After the pilgrimage to the great Javedagon pagoda in Burma, he always fondly remembered how the the gigantic bell rotated like magic. It impressed him greatly. Thus, bells were an important symbol in Luang Phor Phrom’s sacred objects. Many of them were shaped like bells or had images of bells. One example would be an amulet with an image of Luang Phor sitting inside a bell.
He was also inspired to create a burmese style bell which was to be made of brass, gold, various metals and stone. It proved to be an extremely difficult project due to technical reasons. After several failed attempts, Luang Phor gave up.
Later in B.E.2516 (1973), Luang Phor allowed one of Wat Chongkae’s council members to create sacred objects containing special materials by chanting magical mantras and blowing with the mouth to transfer the magic to the objects. At present, the materials put inside these sacred objects have become popular among not only those who adore Luang Phor, but also other Thai people.
Luang Phor stayed at Wat Chongkae for 58 years as an abbot. When he was in charge of the monastery, he promoted Buddhism tirelessly, helped out people in need both medically and financially, and supported the Wat Chongkae School in the temple area as its patron. He died peacefully on Jan 30, B.E.2518 (1975) at Baan Mee Hospital in the province of Lopburi at the age of 91.
His body was put into a crystal coffin. Surprisingly, his body has not deteriorated or decomposed after more than 30 years.
Miracles or Supernatural occurences after Luang Phor’s Death
– His eyebrows have grown by 5-6 mm
– His eyelashes have grown by 1 cm
– His moustache has grown by 5-6 mm
– His beard has grown by 5-6 mm
– His fingernails have grown by 1 cm
– His toenails have grown by 4-5 mm
These parts are all still growing and require trimming annually. You all are encouraged to witness these evidence yourself.
Luang Phor’s Medicinal Solution
Luang Phor Phrom was very knowledgeable in medicinal herbs. Whenever people living around the area of Wat Chongkae contracted a disease, they would always consult Luang Phor and receive a remedy by taking a medicinal solution combined with magical-formula blowing. Astoundingly, these people would always recover very quickly. There was no question why people all over Thailand went to pay homage to him at Wat Chongkae as well as to get some medicinal treatment from him. In time, the “Tom Ya Boiling Medicinal Solution” ceremony was established and held in April every year.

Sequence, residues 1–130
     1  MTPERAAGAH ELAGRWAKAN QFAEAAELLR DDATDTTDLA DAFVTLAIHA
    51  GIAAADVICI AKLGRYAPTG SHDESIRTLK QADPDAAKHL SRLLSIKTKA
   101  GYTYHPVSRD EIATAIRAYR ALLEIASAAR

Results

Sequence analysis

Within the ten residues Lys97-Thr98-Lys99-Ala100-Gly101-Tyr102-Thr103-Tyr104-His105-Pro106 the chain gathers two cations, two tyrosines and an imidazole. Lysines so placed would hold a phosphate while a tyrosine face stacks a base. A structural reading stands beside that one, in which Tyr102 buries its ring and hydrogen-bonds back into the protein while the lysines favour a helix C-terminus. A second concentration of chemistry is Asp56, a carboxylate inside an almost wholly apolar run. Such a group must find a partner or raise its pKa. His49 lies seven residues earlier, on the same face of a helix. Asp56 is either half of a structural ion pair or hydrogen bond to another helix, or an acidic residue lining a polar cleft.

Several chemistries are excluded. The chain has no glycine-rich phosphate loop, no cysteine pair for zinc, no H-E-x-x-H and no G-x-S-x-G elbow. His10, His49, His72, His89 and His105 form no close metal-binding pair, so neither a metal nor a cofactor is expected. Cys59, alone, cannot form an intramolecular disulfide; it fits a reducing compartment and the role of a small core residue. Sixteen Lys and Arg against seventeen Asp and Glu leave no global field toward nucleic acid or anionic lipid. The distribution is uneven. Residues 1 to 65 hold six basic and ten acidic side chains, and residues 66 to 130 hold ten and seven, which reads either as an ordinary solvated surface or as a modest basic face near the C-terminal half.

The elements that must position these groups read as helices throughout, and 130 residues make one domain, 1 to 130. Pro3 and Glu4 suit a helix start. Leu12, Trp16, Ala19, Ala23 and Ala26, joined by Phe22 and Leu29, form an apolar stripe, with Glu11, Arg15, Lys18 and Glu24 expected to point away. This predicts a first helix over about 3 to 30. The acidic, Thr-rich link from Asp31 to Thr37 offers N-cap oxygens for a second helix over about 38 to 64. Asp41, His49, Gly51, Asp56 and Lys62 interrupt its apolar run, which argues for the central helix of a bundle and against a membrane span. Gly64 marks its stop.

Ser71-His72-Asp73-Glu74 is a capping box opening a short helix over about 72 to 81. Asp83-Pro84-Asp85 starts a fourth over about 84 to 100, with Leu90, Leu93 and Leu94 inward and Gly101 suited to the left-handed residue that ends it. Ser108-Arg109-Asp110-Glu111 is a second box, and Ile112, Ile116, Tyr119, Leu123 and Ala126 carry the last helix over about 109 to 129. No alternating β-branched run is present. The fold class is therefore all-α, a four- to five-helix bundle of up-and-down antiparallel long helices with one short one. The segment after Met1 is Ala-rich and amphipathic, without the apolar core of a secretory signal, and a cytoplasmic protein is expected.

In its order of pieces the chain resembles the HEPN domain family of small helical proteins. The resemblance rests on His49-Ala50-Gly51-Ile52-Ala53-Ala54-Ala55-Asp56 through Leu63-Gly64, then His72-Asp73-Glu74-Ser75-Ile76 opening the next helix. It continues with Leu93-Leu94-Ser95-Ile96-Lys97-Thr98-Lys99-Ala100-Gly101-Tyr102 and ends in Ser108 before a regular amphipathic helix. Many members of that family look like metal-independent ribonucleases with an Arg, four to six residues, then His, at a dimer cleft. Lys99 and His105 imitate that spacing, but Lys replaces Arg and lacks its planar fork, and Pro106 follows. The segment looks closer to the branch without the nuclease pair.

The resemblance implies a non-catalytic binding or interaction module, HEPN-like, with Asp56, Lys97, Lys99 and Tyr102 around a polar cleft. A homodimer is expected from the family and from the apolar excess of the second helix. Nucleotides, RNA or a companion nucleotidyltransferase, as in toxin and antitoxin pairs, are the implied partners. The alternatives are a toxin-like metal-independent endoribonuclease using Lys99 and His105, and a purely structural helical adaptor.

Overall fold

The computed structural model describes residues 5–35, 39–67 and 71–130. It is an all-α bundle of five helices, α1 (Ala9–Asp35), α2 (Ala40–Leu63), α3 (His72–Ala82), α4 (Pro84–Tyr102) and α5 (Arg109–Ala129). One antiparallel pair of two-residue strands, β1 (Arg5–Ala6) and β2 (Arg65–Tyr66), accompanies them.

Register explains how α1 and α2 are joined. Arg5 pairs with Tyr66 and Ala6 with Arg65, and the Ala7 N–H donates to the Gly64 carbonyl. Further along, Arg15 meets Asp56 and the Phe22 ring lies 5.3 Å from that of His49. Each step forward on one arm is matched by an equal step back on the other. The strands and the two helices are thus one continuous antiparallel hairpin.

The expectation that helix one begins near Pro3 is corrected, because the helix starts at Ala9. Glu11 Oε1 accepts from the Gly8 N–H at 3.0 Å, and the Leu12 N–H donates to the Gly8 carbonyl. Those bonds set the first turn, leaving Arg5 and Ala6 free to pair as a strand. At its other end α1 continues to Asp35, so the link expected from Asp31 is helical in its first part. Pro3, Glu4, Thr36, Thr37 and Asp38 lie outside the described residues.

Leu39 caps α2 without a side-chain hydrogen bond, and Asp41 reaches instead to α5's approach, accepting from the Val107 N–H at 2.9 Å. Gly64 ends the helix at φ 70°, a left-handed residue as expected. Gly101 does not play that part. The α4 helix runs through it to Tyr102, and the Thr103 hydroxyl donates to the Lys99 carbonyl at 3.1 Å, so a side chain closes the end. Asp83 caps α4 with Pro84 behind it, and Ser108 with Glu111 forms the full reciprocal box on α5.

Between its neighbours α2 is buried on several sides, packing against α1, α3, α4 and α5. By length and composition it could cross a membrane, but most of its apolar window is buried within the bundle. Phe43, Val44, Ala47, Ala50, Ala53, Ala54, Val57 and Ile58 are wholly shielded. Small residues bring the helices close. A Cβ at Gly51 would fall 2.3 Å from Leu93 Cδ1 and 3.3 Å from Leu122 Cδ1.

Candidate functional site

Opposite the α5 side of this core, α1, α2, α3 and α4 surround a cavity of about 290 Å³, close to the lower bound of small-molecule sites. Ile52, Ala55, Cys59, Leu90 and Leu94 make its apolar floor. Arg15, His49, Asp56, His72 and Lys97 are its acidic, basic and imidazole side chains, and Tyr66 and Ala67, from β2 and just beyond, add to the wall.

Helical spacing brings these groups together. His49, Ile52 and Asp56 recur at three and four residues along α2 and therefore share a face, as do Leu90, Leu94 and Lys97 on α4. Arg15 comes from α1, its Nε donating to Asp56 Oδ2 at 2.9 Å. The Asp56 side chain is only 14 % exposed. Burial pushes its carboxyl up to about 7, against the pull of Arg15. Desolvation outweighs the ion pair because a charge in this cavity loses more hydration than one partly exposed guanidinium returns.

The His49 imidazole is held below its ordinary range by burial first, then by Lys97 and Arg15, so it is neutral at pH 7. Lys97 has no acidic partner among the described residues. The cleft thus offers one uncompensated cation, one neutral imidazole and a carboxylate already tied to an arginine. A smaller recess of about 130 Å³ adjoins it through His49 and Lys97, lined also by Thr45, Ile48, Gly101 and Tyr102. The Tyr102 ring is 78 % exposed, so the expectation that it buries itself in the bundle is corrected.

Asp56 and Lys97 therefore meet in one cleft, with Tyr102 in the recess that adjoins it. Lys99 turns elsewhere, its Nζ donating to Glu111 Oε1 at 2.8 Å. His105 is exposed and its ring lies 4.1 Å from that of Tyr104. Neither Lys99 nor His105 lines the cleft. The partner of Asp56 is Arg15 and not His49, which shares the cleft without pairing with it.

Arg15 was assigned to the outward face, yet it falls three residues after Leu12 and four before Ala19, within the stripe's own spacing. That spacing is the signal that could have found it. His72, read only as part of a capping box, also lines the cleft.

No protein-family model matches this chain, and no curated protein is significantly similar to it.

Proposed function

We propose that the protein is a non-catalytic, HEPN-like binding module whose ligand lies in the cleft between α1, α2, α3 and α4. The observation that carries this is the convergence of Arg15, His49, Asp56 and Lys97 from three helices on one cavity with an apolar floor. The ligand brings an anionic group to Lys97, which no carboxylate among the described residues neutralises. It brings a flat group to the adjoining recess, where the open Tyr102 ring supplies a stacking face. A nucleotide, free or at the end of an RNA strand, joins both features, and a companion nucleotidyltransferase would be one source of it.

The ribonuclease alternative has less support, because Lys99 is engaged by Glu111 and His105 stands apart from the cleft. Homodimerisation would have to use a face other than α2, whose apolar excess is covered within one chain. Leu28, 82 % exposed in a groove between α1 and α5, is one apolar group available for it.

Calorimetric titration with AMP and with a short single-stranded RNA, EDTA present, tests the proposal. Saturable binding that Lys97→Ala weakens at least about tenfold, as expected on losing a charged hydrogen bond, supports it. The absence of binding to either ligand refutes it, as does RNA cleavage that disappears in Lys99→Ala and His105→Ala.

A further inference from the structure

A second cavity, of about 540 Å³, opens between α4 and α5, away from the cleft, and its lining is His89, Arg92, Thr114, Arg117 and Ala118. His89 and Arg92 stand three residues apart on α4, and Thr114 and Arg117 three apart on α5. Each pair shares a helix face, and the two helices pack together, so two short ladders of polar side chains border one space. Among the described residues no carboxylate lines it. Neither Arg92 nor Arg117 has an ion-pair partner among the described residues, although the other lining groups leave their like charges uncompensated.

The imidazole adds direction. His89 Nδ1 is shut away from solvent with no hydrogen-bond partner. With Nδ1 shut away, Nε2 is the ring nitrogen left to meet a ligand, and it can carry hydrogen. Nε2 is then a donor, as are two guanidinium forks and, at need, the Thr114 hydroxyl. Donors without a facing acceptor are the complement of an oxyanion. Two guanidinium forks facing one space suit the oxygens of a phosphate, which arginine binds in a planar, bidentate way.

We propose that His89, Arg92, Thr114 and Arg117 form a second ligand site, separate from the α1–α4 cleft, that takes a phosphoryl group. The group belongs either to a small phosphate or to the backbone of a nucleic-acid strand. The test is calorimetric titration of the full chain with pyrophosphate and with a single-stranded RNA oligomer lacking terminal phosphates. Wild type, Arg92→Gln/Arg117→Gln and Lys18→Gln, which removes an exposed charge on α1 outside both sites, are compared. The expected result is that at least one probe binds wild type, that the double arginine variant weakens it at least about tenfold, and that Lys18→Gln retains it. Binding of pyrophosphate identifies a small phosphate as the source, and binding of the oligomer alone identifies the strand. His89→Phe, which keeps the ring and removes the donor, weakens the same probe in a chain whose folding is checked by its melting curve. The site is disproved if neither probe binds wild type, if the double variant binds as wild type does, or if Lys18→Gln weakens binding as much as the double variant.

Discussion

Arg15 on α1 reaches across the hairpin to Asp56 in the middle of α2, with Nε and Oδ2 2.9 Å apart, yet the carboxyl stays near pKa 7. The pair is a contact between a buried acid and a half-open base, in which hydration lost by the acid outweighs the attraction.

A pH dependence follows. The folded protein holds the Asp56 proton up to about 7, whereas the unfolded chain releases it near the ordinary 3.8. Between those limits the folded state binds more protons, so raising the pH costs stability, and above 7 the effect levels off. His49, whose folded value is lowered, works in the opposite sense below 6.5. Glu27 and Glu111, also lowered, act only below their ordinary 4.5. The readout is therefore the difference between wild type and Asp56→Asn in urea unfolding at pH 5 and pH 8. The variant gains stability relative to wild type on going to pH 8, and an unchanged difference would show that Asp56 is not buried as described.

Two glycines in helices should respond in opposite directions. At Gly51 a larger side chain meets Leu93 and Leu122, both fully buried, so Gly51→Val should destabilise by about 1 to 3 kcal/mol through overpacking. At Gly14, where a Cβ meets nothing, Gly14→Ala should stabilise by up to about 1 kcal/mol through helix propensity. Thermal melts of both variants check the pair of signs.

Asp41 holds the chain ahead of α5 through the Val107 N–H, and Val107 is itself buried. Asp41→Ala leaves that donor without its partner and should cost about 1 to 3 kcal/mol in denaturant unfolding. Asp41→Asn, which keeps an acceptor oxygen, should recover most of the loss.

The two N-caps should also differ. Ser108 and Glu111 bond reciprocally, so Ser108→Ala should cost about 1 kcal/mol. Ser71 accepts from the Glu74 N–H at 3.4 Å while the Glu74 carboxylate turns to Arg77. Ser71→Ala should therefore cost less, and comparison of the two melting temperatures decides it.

Luang Phor ordered members of the monastery council to search for herbs from 2 sources:
1. Behind Wat Phra Keaw in the province of Ayudhya called “Ting Tang,” especially the herbs growing on a termite hill.
2. Koa Kad Region in the province of Nakhon Sawan called “Kra Don Din“ herbs growing on paddy farms as well as “Teen Toa” and “Pla Lai Peark” at Wat Nong Luang in the same province.
The process of making the medicinal solution is as follows:
1. Use 3 bricks as foundation.
2. Utilize plenty of clay pots to boil the solution.
3. From 12:00 am, Luang Phor would meditate and chant a sacred formula into the solution little by little. Luang Phor would sit still in the center of the monastery’s ceremonial hall.
4. At 5:09 am, Luang Phor would go down to the place where the solution is being boiled and prayed in deep concentration.
It was said from word of mouth that the all-rounded herbal solution could cure all kinds of ailments. You just had to chant a formula before swallowing the solution. Moreover, if any person uses the solution as a shampoo or for bathing, he or she would be protected and invulnerable to weapons. It was a medicine superior to all.
Most of the time, Luang Phor was a man a few words. He seldom spoke and rarely socialized due to his dedication to meditation practice. On one hand, he was the incomparable meditation practitioner full of supernatural powers who brought benefits to people who had faith in him. On the other, he was the best listener with a good ear and a kind heart. Therefore, as a matter of principal, he would always speak out when something critical is going to occur in the near future. It was clairvoyance and he was often called a prophet. He was known as Luang Phor Pak Phra Roung The Luang Phor with miraculous Power of Mouth.
The following stories are testimonials to the above:
Ms. Kleawpan Tangsuwan, a food vender at the train station in Wat Chongkae, went to make some merit at the temple so often that she became very familiar with Luang Phor. One day, Luang Phor greeted her and said, “Kleaw, you’re going to be a millionaire soon.” She replied, “I don’t think that’s possible, but just richer than what I have now would be perfect.” “OK! Just richer as you wish.” he said back. Not long after the conversation, she became richer and richer. Eventally, she donated a big lump sum to the temple, and built a hall for sermons as a tribute to Luang Phor.